FILE - In this Tuesday, Aug. 8, 2017 file photo, Kenyan opposition leader Raila Odinga, center, casts his vote in the Kibera slum of Nairobi, Kenya. Kenya's electoral commission has announced Monday, Sept. 4, 2017 that fresh presidential elections will be held on Tuesday, Oct. 17, 2017, following the Supreme Court ruling that annulled the August elections. (AP Photo/Brian Inganga, File)

Africa In The News

Kenyan shilling loses ground over political uncertainty

NAIROBI, September 5  — The Kenyan shilling lost ground Tuesday against the U.S. dollar as political bickering on the repeat of presidential polls intensified in Kenya.
Kenyan opposition the National Super Alliance (NASA) on Tuesday rejected Oct. 17 as the date set for new polls by the electoral commission, noting it was not consulted. NASA leader Raila Odinga threatened to boycott the polls.
The political uncertainly seemingly hit the shilling which went down slightly to trade at 103.2 from an average of 103 on Monday.
The Central Bank of Kenya quoted the local unit at 103.23 down from 103.16 on Monday as analysts blamed the fall to the prevailing political environment.
On the other hand, commercial banks placed the value of the shilling at between 103.23 and 103.35 to the dollar as traders noted the shilling was volatile but would be supported by rising inflows from exports, including horticulture.
Besides the uncertain political environment, the shilling is expected to be affected by rising dollar demand from importers.
Kenya’s forex reserves currently stand at 7.5 billion dollars, an equivalent to five months of import cover, which are, however, sufficient to provide buffer to the currency.
Against the British pound, the shilling gained marginally to close Tuesday at 133.75 up from 133.87.

 

Kenyan opposition leader Raila Odinga says he does not accept the date for the new presidential elections announced by the electoral commission.
Odinga said Tuesday the commission did not consult with his coalition on how the elections will be carried out and when, and he says the vote should not be limited to two candidates.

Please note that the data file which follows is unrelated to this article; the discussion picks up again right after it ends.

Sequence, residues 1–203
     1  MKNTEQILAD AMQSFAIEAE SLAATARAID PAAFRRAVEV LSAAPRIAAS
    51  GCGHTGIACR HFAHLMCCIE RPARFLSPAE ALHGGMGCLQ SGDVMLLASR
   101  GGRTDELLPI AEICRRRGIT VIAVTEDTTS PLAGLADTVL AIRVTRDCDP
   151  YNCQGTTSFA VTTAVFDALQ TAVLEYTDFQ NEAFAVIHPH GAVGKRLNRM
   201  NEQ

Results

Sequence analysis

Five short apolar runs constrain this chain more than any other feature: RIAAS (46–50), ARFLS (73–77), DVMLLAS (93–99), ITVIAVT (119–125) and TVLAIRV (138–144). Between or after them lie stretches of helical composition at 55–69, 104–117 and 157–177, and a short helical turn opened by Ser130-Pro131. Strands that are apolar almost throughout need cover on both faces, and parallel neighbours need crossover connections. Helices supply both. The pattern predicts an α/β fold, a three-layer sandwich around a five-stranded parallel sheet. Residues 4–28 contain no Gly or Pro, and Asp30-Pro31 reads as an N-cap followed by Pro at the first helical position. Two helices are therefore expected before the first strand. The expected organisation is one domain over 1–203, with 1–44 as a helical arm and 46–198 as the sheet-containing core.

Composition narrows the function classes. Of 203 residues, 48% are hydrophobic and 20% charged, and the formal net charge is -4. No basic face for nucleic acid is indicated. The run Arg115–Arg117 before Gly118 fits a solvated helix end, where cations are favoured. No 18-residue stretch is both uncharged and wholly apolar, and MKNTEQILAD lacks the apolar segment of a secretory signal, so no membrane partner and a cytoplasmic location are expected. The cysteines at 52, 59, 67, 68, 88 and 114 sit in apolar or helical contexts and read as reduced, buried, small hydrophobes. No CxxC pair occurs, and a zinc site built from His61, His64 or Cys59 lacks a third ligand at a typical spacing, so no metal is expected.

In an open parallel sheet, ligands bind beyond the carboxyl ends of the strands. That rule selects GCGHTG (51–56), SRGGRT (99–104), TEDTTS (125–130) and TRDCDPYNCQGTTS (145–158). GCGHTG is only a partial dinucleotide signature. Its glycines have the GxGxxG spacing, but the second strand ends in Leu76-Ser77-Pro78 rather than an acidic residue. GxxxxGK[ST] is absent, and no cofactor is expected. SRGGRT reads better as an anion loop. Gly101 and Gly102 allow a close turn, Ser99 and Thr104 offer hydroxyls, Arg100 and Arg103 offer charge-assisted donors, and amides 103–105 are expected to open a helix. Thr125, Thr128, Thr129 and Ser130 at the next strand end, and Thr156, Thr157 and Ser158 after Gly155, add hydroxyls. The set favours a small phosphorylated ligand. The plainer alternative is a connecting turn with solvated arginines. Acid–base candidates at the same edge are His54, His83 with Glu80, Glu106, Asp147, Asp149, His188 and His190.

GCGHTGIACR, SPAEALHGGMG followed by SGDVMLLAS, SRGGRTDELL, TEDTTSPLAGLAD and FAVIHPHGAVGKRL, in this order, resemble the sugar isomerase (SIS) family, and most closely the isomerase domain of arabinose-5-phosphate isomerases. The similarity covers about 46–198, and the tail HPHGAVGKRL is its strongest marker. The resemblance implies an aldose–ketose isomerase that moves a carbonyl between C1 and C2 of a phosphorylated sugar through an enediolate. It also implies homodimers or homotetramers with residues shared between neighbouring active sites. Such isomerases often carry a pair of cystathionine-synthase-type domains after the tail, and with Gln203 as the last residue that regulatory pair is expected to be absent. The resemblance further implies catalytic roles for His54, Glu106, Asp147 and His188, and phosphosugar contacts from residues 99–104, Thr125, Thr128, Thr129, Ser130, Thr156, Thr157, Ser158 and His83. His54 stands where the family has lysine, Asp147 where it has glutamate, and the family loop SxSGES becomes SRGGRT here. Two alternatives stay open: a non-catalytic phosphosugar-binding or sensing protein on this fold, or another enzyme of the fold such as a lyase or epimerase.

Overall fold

Odinga wants some of the commission’s officials to be prosecuted and says if the vote goes forward without “legal and constitutional guarantees” the results of the new election will not be different.
Kenya’s Supreme Court last week nullified President Uhuru Kenyatta’s re-election because of irregularities and called for a new vote. The electoral commission says the election will be Oct. 17.

AP

Kenya’s Independent Electoral and Boundaries Commission (IEBC) has announced that new presidential elections will take place on October 17.
The announcement followed the country’s Supreme Court overturning the result of last month’s poll which secured incumbent President Uhuru Kenyata a second-term in office.
“A fresh presidential election will be held on October 17, 2017,” said a statement released on Monday signed by Wafula Chebukati, chairperson of the IEBC.
“This is in conformity with the Supreme Court decision annulling the presidential election held on August 8, 2017.”
However, unlike the August elections which saw a number of candidates running, in the October poll only Kenyatta and opposition leader Raila Odinga, who challenged the results of the August results through the Supreme Court, will be on the ballot paper.
On Friday, Chief Justice David Maraga cancelled the results of the August poll saying the election commission had failed to hold a legitimate election and that the results were therefore “invalid, null and void”.
Maraga further accused the IEBC of committing “irregularities and illegalities” in the transmission of results from polling stations to the national tally centre.
The electoral commission has requested a full explanation from the court outlining its decision.
“It is imperative that a detailed judgement is released in order to allow the Commission to identify areas that require improvement,” said Chebukati.
In the interim Odinga and his supporters are demanding that the head of the electoral commission be replaced and that a different company print the ballot papers while also expressing dissatisfaction with the computer method of transmission.
Odinga’s complaints to the Supreme Court was his third attempt at challenging election results.
The disputed result of the 2007 election triggered widespread violence that left over 1,100 people dead, while in 2013 the Supreme Court threw out Odinga’s challenge.
Two-days of protests, in the slums of Nairobi and Kisumu two opposition strongholds, followed Kenyatta’s victory on August 11 as he took 54 percent of the vote.
Reports say at least 21 people, including a baby and a nine-year-old girl, were killed, mostly by police.

ANA

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